[Update 3/14/2019:] IGN has updated their web pages and now include an affiliate link disclosure for their content.
[Original article:] A lot of major media networks use automated affiliate links to help make some cash off of the hyperlinks featured in the articles across the website. Usually there are auto-link vendors such as Viglink or Amazon that offer such services, and you’ll occasionally encounter them across websites. What you probably didn’t know is that media publishers are supposed to disclose that they get paid for hosting these affiliate links on their site, and must declare that these are advertisements or that they make bank on said links. Well, IGN was called out recently for including affiliate links across nearly the entire site without disclosing that fact.
The news comes courtesy of a post over on Kotaku In Action, where users are being encouraged to contact the Federal Trade Commission about disclosing affiliate links.
Evidence requires actually visiting IGN since the affiliate links don’t pop up via archives, but user A-cool-dra explains that they tried contacting the entertainment media website multiple times about the issue, writing…
“Recently, I tried to contact them about it seeing the script was still running, but have not received any word. I reached out again a few days ago and still nothing. As mentioned when I first posted about this, regular archives won’t show the affiliate links due it being done by a script. […]”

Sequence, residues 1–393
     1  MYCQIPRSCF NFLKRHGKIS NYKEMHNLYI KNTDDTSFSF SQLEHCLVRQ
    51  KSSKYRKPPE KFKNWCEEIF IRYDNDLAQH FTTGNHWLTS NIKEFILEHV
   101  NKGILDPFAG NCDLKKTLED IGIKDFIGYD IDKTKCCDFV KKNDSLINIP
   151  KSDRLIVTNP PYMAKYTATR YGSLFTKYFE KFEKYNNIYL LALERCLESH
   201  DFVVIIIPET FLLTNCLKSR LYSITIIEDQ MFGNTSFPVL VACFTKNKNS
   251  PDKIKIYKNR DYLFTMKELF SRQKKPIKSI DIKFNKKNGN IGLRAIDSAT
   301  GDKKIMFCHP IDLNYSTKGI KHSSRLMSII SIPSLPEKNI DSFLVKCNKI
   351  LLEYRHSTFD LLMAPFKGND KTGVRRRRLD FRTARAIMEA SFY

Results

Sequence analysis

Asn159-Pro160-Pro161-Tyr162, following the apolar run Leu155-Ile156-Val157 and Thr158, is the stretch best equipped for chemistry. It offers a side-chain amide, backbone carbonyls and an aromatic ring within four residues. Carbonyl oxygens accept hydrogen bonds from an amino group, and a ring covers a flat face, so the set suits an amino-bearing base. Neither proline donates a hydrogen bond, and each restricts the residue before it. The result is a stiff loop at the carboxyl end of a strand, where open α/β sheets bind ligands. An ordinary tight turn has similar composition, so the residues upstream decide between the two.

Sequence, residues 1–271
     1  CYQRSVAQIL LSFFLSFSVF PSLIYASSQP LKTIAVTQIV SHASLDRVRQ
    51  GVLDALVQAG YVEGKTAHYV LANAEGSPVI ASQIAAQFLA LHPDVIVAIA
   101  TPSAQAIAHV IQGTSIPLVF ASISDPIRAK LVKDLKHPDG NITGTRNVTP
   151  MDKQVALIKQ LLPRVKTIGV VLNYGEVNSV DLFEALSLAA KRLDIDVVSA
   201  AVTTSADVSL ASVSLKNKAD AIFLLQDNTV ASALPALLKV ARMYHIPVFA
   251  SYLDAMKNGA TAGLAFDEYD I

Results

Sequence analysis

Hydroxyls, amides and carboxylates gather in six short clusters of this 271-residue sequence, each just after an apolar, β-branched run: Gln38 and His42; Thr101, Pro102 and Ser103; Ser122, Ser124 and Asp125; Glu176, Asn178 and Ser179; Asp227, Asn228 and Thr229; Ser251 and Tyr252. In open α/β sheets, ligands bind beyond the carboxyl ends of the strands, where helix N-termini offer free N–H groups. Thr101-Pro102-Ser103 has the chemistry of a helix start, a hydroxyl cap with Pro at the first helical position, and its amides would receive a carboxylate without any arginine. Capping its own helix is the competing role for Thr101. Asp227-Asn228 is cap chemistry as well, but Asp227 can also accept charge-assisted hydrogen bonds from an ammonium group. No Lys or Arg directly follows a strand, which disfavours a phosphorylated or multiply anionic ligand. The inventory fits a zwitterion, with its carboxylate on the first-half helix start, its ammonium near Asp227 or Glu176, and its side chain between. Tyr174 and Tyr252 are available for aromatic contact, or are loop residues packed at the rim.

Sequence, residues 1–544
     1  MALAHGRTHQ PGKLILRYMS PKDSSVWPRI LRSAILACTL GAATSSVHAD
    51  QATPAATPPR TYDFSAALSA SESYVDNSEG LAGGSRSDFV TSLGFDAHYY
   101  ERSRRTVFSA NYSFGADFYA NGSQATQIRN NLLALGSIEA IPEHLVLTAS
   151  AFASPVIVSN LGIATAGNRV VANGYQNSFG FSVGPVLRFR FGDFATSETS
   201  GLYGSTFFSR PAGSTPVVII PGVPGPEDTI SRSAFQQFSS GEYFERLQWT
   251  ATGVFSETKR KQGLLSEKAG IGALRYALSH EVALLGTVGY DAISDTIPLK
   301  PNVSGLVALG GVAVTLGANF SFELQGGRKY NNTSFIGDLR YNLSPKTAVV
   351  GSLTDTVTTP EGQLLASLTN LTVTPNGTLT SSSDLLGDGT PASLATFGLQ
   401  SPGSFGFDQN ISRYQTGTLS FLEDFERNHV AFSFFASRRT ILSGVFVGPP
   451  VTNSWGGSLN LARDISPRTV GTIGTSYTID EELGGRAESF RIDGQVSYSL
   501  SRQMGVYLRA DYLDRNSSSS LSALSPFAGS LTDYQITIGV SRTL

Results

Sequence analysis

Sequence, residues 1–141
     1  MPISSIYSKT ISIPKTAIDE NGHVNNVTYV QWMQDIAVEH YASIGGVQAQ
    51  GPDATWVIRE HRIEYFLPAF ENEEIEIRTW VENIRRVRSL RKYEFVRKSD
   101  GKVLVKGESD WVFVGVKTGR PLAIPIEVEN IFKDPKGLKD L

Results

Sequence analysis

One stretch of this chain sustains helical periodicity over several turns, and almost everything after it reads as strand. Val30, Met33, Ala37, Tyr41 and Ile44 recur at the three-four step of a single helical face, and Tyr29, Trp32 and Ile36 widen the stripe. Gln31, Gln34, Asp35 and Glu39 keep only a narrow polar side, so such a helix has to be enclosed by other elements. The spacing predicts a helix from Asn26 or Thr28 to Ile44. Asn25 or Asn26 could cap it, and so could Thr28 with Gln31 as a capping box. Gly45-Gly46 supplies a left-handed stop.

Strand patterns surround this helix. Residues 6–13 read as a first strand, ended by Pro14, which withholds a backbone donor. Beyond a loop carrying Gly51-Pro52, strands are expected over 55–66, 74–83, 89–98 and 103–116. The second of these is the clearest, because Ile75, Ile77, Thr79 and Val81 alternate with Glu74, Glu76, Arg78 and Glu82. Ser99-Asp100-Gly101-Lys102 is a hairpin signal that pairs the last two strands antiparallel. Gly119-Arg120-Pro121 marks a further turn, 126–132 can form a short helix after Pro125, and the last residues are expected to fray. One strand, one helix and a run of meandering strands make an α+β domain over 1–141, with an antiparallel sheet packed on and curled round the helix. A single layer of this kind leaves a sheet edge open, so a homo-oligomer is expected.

They provide a number of different links in the thread to provide examples of where the affiliate links pop up. And sure enough, there are affiliate tags for Amazon links in the articles, with the IGN tag specifically reading: tag=ign_contextual-20
You can see the link for yourself with the “See Deal” tab over on the example page here:
You’ll notice that there’s no disclosure about the affiliate deals anywhere on the page, likely giving people the impression that IGN is just showing deals for the sake of showing deals to help you save a buck, and not necessarily because it’s a commission-based affiliate link.
All of this was covered in the updated guidelines from the FTC back in June of 2015.
According to the Federal Trade Commission, disclosures must be clear and conspicuous and not hidden behind hyperlinks, icons, or tabs, where they explain on the FAQ page…
“As for where to place a disclosure, the guiding principle is that it has to be clear and conspicuous. The closer it is to your recommendation, the better. Putting disclosures in obscure places – for example, buried on an ABOUT US or GENERAL INFO page, behind a poorly labeled hyperlink or in a “terms of service” agreement – isn’t good enough. Neither is placing it below your review or below the link to the online retailer so readers would have to keep scrolling after they finish reading. Consumers should be able to notice the disclosure easily.”
This is actually a huge step back from when they originally made their ethics policies available for public perusal in an easy-to-read guide back on January 5th, 2015 after a small campaign was initiated by #GamerGate to get IGN to disclose their ethics policy to the public. They later updated their ethics policies after acquiring Humble Bundle back in October of 2017, where they claimed they would disclose ties with the company if they reviewed or wrote about a product associated with Humble Bundle.
The KIA thread is encouraging users to reach out to IGN through their corporate contact page to at least add page-specific disclosures to inform readers about the affiliate links, and barring that contact the Federal Trade Commission using their contact submission form to alert them about IGN’s failure to comply with the updated guideline policies.